Workflow

Running an out-of-the-box stack like MAMP may be fine for part-time tinkerers, but if you're writing code for a serious site you'll quickly realise that it's important to develop against the same version of the stack that's running in the production environment. You'd be amazed at how many subtle bugs emerge between two minor point releases of PHP, APC, MySQL or any other of the myriad components. Catching them early is crucial, and the easiest way to do that is to use a virtualised developer environment.
We have a fun concept here that we call a “human test instance”. Anyone can create an entire copy of Economist.com, running in the cloud, on a subdomain of their choice, on a branch of their choice, with just a few clicks in Hudson. “Human testing” implies that the instance is used by a human to do manual testing, however, we use a human test instance to run automated Selenium tests, and each one also effectively tests the process of running the update functions every day.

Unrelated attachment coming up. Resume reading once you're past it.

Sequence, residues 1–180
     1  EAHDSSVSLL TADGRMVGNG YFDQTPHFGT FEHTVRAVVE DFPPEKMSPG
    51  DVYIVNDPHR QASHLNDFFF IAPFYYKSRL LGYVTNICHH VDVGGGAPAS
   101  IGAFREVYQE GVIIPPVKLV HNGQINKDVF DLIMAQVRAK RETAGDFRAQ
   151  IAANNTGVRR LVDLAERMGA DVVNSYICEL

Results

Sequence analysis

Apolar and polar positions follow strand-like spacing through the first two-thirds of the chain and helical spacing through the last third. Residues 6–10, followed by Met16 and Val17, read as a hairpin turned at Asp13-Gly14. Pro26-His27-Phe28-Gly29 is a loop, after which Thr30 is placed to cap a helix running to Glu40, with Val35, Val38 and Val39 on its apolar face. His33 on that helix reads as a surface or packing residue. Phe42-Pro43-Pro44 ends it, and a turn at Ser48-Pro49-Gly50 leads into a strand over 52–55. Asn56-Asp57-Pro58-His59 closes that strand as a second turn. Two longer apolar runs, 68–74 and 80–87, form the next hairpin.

Economist developers are a big, distributed lot. At one point we had 4 teams doing development in 4 different timezones from San Francisco to London. As you might imagine, this presents some extremely interesting challenges, like source code control and maintaining communication channels between teams to reduce the amount of toe stepping and work duplication going on. Bazaar & Launchpad The single tool that has had the largest positive impact on code quality and general sanity has been Launchpad.